There have been a number of important announcements this week concerning wearing a mask while on airplanes.
Since January 2021, based on guidelines from the Centers for Disease Control and Prevention (CDC), the Transportation Security Administration (TSA) has required all passengers and crews to wear a face mask on airplanes to slow the spread of the COVID-19 virus. Earlier this week, however, a federal judge struck down the mandate.
Since then, following a recommendation by the CDC, the Justice Department has filed an appeal to the ruling. In the meantime, though, some airlines quickly dropped their mask requirements.
What’s more, some airlines have even begun to welcome back some — but not all — of the passengers who they had previously banned from flying for not wearing a mask.
Here’s a look at who those airlines will allow to resume flying:
United Airlines has announced it will now allow passengers it had banned for not following mask requirements to fly again.
“On a case-by-case basis, we will allow some customers who were previously banned for failing to comply with mask-related rules to fly United again — after ensuring their commitment to follow all crewmember instructions on board,” United announced, according to CNN.
So far, United has banned approximately 1,000 passengers for breaking mask rules. When asked about which passengers can now fly on United again, a spokesperson replied, “We don’t have anything additional to share on this, as we do not share specifics of our internal security policies and procedures,” according to USA Today.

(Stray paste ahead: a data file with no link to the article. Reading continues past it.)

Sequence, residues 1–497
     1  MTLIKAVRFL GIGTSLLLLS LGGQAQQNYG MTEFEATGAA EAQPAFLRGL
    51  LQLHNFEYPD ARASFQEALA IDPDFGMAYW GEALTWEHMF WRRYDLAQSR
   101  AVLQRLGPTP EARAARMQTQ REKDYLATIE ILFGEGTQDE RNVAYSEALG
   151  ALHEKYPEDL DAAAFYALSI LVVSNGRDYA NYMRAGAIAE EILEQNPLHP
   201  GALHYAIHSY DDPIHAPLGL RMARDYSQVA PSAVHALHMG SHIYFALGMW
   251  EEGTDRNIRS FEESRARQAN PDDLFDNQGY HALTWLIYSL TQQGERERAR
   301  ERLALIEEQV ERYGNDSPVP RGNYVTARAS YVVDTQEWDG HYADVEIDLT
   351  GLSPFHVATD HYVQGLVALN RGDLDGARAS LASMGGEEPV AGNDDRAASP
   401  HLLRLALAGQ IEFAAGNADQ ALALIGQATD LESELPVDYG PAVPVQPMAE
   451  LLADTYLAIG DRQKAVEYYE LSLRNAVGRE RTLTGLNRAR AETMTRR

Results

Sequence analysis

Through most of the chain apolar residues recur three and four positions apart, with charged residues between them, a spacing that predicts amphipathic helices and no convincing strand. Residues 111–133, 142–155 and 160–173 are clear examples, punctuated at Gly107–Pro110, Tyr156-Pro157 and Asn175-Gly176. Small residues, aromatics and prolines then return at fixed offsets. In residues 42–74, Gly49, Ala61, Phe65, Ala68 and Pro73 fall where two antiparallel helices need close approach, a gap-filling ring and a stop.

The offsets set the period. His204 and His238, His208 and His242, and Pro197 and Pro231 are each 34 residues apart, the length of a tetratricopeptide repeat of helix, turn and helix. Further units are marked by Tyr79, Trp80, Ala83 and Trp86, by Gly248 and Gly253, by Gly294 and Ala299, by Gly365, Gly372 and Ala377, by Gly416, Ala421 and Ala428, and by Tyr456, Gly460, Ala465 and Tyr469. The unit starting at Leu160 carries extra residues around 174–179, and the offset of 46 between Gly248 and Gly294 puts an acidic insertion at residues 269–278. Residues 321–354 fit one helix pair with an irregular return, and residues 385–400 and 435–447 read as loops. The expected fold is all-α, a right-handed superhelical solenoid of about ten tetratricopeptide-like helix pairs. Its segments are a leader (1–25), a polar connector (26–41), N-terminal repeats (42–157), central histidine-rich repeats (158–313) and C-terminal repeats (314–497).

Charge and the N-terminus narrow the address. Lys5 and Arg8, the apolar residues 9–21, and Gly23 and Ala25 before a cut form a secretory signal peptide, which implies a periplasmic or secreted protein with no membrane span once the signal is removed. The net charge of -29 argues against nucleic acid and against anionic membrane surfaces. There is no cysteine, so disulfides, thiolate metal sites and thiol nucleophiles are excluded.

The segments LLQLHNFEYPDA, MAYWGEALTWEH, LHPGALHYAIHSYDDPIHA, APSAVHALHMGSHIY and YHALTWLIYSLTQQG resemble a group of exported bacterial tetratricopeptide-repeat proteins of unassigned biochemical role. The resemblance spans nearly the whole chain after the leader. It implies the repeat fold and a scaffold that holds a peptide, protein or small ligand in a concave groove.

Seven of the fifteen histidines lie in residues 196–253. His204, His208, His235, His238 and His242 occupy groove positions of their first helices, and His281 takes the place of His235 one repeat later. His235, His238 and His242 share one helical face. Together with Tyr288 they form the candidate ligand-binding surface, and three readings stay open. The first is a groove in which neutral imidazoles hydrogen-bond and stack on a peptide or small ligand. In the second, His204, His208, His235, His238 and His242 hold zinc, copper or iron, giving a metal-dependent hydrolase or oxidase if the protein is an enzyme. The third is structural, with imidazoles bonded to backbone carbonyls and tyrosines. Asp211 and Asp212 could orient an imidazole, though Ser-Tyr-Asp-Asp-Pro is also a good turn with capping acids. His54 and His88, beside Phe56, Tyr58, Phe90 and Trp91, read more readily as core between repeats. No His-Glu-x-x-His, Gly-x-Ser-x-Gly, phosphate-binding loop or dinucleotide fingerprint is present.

Delta Air Lines
Delta announced earlier this week that it too will begin allowing passengers who were previously banned from flying for “mask non-compliance” back on its airplanes.
Indeed, the airline announced that it will restore flight privileges for customers who demonstrate “an understanding of their expected behavior when flying with us,” according to NBC News.
“Any further disregard for the policies that keep us all safe will result in placement on Delta’s permanent no-fly list,” the company said. “Customers who demonstrated egregious behavior and are already on the permanent no-fly list remain barred from flying with Delta.”
American has also announced it will allow most passengers barred from flying due to mask noncompliance “to resume travel at some point in time,” said Nate Gatten, American’s chief government affairs officer, CNN reports.
“In cases where an incident may have started with face mask noncompliance and escalated into anything involving something more serious, or certainly an assault on one of our key members or customers, those passengers are going to remain on our permanent internal refuse list and will never be allowed to travel with us again,” Gatten said.
Alaska Airlines has banned approximately 1,700 passengers from flying because they violated the airline’s mask requirements. Now, however, it will allow some of those passengers to resume flying on its planes.
“Now that the mask policy has been overturned, guests who were banned solely for mask noncompliance will be allowed to purchase tickets on our flights,” said Cailee Olson, Alaska’s media relations manager, USA Today reports. “However, some guests whose behavior was particularly egregious will remain banned.”
A Reminder About Behavior
Airlines have reported more than 7,000 incidents of disruptive passengers to the Federal Aviation Administration (FAA) since the start of 2021. Perhaps not surprisingly, more than 66 percent of those cases involved passengers who refused to wear a mask. For instance, in 2021 alone, the FAA notes it has received 4,290 reports of mask-related incidents.
Earlier this week, the FAA announced it will make its zero tolerance policy against unruly passengers permanent. Under that policy, the FAA issues fines to passengers for unruly behavior instead of warning letters or counseling. Furthermore, those cases may result in criminal investigations and even prosecution.
“Behaving dangerously on a plane will cost you; that’s a promise,” said acting FAA administrator Billy Nolen. “Unsafe behavior simply does not fly and keeping our zero tolerance policy will help us continue making progress to prevent and punish this behavior.”
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